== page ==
Thank you very much for coming. Just to add to my colleagues, I’ll talk a little bit about next steps. I think we want to assist both Governments as the Security Council. We want to assist the Government of Bangladesh by drawing attention of international donors to the help that Bangladesh needs in mitigating the effects of the floods. The area that the Rohingya are in in Bangladesh, is prone to flooding and Bangladesh needs help so that it can manage the monsoon. There’s a longer term question and not having its economic stability affected by hosting as many, one million or so refugees. We want to assess the Government of Myanmar, both in the implementation of the Annan Plan and we talked a little bit about that with the representatives we met. We also, as my colleagues have said, want to support the signing of the MoU and the implementation of the agreement with Bangladesh. We believe the MoU can be signed quickly and UN agencies can be given unconditional access. That would be the best thing to do to deal with the scale of the problem. The one thing that I would like to stress the absolute scale of having to get one million refugees, back home in security and safety so that they could start their livelihoods over time, even if it takes a long time, we need to start on that. I think the Council can play a helpful role by continuing to be united on this issue. I think everybody on this Council has been moved by what they’ve seen on the trip and we want to preserve that unity so we can actually make a difference and we can accelerate progress on dealing with both the Annan Plan and also getting refugees back home. Thank you.
Q&A: 7 Day News, BBC World, Myanmar Radio and Television, AFP in succession:
7 Day (translation): What are your main findings during this trip? Is there anything you would like to share with us?
BBC World: (to the British Permanent Representative) You yourself seem quite moved by what you’ve seen with the refugees in Cox’s Bazar. You were then able to meet the head of the military whose troops stand accused of crimes against humanity and Aung San Suu Kyi, who stands accused of turning a blind eye to this. Does Britain now believe that you should have a conversation within the Security Council about a resolution being passed, whereby you recommend that the International Criminal Court investigates possible crimes against humanity.
MRTV: (Translation) The Myanmar Government has said that it is ready to receive the people who have crossed into Bangladesh but there are groups that have gone over to Bangladesh and talked with these refugees and they learned that these refugees were not aware of the procedures on returning Your comments on that please.
AFP: Have you been looking at whether the atrocities committed in Rakhine constituted genocide, and if so, have you come into any conclusion during this trip?
President – Frankly speaking, being in your country is a privilege for us. We discovered an ancient civilization where many cultures coexisted already. So there is a huge potential for an extremely positive dialogue in the future. Of course we encourage the authorities to continue in that direction. But the fact that we discussed all issues with civil society means that you have a vibrant civil society here, people who care about the future of your country and of the refugees. We were somehow also so impressed by the frankness because all members also asked difficult questions, not only easy. But definitely we have to work together to encourage, to somehow assist you in this very ambitious way for this transformation because it is a process of transformation. One of your colleagues mentioned genocide and my colleagues will try to comment. But we as diplomats, focus very much on the rules of international law. And here it is important to follow the procedures we have within the system of the United Nations. A Special Representative who is very well equipped and worked on it saw that we as a Security Council, we only give some incentives. But there are people who are more qualified to do so.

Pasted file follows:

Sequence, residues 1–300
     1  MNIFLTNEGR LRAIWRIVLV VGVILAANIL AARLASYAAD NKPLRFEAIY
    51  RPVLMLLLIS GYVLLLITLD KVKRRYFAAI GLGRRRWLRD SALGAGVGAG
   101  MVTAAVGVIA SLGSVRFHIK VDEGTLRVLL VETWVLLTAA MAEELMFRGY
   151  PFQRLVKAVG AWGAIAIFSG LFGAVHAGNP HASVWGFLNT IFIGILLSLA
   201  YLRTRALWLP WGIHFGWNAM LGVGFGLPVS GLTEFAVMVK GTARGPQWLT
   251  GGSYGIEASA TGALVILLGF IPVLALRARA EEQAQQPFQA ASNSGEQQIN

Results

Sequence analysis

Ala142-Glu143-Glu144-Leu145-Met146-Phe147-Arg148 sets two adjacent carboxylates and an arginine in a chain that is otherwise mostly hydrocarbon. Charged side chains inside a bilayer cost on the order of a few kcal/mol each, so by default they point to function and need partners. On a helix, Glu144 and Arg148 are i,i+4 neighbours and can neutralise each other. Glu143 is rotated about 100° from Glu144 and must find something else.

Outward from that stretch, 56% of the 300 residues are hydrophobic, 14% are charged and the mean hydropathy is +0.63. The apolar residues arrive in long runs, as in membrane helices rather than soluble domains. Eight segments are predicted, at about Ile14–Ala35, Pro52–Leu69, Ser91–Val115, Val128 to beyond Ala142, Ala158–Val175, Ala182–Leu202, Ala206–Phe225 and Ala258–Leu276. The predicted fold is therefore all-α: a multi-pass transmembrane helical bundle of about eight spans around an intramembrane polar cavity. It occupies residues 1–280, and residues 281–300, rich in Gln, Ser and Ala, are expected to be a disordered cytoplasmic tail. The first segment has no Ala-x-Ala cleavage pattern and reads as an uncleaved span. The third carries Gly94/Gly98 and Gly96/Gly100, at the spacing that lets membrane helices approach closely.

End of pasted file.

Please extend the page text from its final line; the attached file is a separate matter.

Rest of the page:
UK – I’ll take the question from the BBC. I think it is impossible not to be moved by what one heard in Cox’s Bazar and particularly the scale of it. (Inaudible) But I think everybody knows some of the stories that those poor people have been through. Yes, there must be a proper investigation. One can tell stories and those stories are very moving. But in order to have accountability, you need a proper investigation with evidentiary standards. There are two ways of doing that. One is an ICC, an International Criminal Court Referral is (inaudible). And the second is for the Burmese Government to do that themselves. And we were able to raise this both with the Senior General and with Daw Suu herself. Now she was helpful. She said, “If there was evidence, then it should be given to the Burmese authorities and they would undertake a proper investigation. We know that there had been a couple of prosecutions already. I think what would constitute a more effective response would be something that was scaled up from that. The Security Council will now go away and reflect on how best we can respond to the State Counsellor with her offer and what the best next steps might be. We don’t yet have an investigation mechanism to provide her with evidence. That would be the first step. As I say, there’s more than one route to that end. Thank you.
View the original transcript HERE.